John App’s May 26, 1850, Gold Rush Diary Entry

Sunday May 26, 1850

Stopping Point: Independence Rock (Wyoming)

Approximate Miles Traveled:

GPS Latitude: 42° 29.725′ N; Longitude: 107° 08.010′ W

Elevation: 5,907 ft

Notes about this post: Independence Rock, located in present day central Wyoming, is one of the most interesting places along the trail west. It marked the end of the easiest part of the journey and the beginning of the more desolate and rugged part of the trail. It is a gigantic granite boulder protruding from the ground that emigrants found easy to climb when they rested here. They had been following the Platte River for quite some time, but have left it and have recently been following the Sweetwater River, a river that is much smaller than the Platte but still is able to provide plenty of water and grass. Emigrants used this rock to record their names and dates of travel, much like they did at Register Cliff, but this rock is hard granite so carving names, etc. was usually done with a chisel. Some used axle grease to write, but the ones who used a chisel left a mark that still exists today. Many of the names have eroded to the point that they are difficult (or impossible) to read, but the Oregon-California Trails Association has published a book of as many names as can be determined. The picture (below) called “an emigrant’s view” is a view from atop Independence Rock looking south with the Sweetwater on the right. The terrain is almost unchanged from the 1850’s, so the view is close to what the emigrants saw when they stood on this exact spot.

May the 26th 1850   we were at the Rock Independence resting are mules as it was the saboth day, The Rock Independence is a very Larg Rock with, perhaps 5 Thousand or more names on it. I took a Cold Chisel & Hatchet then Engraved my name on the south side, as it is such a noted Place for names to stand For Ever the Rock is about 6 Hundred Yards Long, 120 Yards wide, about 150 Feet High- Composed of Hard Granite with a very pritty stream of rock  this day I passed of In making dried apple Pies, Cooking Rice  Baking Bread etc, we had a Big diner on that day, ___ Fried Ham, Rice, warm Bread, Pies, Coffee, Pickels, dried venison A very fine Fruit Cake, (that Jakes mother Baked Before we left) toped off with some pickled Onions, The greatest diner we had since we are on the road

Independence Rock
Independence Rock

About storiesretoldblogger

I am an Elkhart, Indiana native and became interested in applying video to history when consumer video cameras were first introduced on the market in the late 1970’s. My production company, Stories Retold, specializes in preserving oral history, traditions, and values with video. Primarily interviewing individuals, I sometimes document families, and on occasion document an entire community. My niche is developing a personal relationship with clients which helps me to tell their story just the way they would like to have it told. Everyone has a story worth preserving, and I enjoy discovering interesting stories from people with whom I come into contact on a daily basis. In years to come, these videos will be priceless as they portray original stories complete with visual images and actual voices filled with all the primary material and emotion that was intended to be. I gain a strong sense of personal satisfaction with each completed project whether it involves an individual or an entire community.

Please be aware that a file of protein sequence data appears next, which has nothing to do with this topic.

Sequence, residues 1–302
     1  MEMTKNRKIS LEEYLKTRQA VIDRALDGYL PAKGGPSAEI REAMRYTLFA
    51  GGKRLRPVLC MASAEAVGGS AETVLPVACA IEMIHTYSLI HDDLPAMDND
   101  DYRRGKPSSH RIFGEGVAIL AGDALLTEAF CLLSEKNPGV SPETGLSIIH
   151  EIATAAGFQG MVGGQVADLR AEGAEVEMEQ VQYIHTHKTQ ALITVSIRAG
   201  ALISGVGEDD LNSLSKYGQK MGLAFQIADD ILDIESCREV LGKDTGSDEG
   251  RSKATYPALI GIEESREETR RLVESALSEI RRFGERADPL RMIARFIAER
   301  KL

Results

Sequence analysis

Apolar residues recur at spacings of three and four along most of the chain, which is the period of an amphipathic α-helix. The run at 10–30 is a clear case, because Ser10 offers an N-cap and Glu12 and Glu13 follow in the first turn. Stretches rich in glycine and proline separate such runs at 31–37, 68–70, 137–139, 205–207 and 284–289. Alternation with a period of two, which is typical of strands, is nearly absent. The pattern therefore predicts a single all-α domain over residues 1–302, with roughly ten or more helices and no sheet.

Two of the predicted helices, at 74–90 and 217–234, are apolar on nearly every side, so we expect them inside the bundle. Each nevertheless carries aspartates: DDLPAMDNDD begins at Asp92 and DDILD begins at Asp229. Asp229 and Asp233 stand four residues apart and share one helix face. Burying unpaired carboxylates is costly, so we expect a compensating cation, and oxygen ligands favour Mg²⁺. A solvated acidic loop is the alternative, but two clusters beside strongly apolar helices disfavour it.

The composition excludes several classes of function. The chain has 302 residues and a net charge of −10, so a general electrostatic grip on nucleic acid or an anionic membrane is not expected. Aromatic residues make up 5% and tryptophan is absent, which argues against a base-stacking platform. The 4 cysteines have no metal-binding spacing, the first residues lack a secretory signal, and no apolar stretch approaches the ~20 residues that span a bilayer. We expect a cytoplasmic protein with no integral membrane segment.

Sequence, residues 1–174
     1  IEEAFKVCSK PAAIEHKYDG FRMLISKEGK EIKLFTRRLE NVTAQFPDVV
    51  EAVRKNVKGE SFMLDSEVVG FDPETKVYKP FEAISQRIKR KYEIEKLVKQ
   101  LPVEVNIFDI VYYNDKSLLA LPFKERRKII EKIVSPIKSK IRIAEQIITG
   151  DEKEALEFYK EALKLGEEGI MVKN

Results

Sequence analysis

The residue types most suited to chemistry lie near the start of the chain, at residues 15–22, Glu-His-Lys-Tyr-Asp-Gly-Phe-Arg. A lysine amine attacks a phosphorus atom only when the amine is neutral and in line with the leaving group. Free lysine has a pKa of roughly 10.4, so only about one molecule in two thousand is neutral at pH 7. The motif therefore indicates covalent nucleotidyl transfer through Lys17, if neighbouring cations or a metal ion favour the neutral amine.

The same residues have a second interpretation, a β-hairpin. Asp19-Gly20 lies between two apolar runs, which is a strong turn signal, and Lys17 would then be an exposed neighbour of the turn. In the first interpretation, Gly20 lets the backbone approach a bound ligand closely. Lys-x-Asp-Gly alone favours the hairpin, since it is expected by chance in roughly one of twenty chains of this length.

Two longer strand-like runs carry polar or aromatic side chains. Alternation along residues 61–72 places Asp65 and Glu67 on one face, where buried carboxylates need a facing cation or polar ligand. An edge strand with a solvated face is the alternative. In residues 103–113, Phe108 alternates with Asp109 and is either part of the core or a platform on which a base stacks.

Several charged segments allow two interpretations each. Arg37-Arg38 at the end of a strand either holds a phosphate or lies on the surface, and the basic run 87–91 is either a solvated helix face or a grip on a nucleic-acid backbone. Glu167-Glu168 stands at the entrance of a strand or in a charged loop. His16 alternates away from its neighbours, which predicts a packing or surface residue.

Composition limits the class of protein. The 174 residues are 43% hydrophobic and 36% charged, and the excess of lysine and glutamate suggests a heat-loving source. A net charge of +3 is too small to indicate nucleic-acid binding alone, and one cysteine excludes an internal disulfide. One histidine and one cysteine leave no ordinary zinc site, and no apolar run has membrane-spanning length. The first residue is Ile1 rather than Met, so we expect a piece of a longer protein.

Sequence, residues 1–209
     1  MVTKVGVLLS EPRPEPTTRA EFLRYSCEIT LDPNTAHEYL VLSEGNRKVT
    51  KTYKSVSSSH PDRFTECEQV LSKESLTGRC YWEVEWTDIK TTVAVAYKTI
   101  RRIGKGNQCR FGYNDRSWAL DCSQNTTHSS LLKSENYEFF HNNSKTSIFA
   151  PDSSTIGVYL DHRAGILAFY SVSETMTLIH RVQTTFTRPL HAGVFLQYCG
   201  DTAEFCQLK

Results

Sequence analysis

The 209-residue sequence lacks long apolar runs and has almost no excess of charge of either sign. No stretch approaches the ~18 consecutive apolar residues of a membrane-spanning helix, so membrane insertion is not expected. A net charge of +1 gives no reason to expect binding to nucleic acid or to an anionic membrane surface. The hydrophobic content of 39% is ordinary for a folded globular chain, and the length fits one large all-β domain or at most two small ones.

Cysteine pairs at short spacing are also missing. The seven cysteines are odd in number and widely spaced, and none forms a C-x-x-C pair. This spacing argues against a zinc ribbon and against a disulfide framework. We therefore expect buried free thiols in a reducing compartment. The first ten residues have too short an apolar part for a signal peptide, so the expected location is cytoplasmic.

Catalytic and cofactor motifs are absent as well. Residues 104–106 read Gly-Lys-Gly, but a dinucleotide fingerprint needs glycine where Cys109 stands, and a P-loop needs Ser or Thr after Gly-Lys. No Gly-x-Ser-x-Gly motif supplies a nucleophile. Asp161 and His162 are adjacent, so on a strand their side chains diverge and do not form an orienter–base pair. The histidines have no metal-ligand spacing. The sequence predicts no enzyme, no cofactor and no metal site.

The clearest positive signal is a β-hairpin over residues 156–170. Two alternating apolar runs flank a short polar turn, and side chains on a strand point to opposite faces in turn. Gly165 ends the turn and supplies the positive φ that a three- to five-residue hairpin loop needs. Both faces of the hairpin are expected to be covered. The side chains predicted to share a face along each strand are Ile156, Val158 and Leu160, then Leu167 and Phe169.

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3 Responses to John App’s May 26, 1850, Gold Rush Diary Entry

  1. Pat Hillman says:

    Wonderful description. I have a school presentation for 4th graders tomorrow and another June 1st and I’ll read the parts about the trail ruts and Independence Rock. Hopefully it will make them feel as if they are on the trail.

    Thanks Larry!



  2. Suzanne Spencer Uvelli says:

    Hi Larry, love following this and hope to print up your blog to give to Leanna Donner descendents in jamestown. Did you find John App’s name among the rocks? I know there are thousands…

    • Larry App says:

      Hi Suzanne,
      No, I didn’t find John App’s name on the rock although I looked fairly well for it and took some video and pictures of candidate areas to look at later. Most of the names are very well worn and are hard to read. I have to beleive John would have done a good job of carving a good one though. He said he carved it on the southern side of the rock, which is where I concentrated, but there was some pretty dense shrub growth in the way in most places. My guess is that to do a good job of finding it might require two people the better part of the day, and might be impossible in some areas because of the dense growth. Might want to watch out for snakes and other “varmints” during the search too. But, this place was one of my favorites along the trail probably because the view is close to what the emigrants saw, and also seeing their names and messages. Awesome!

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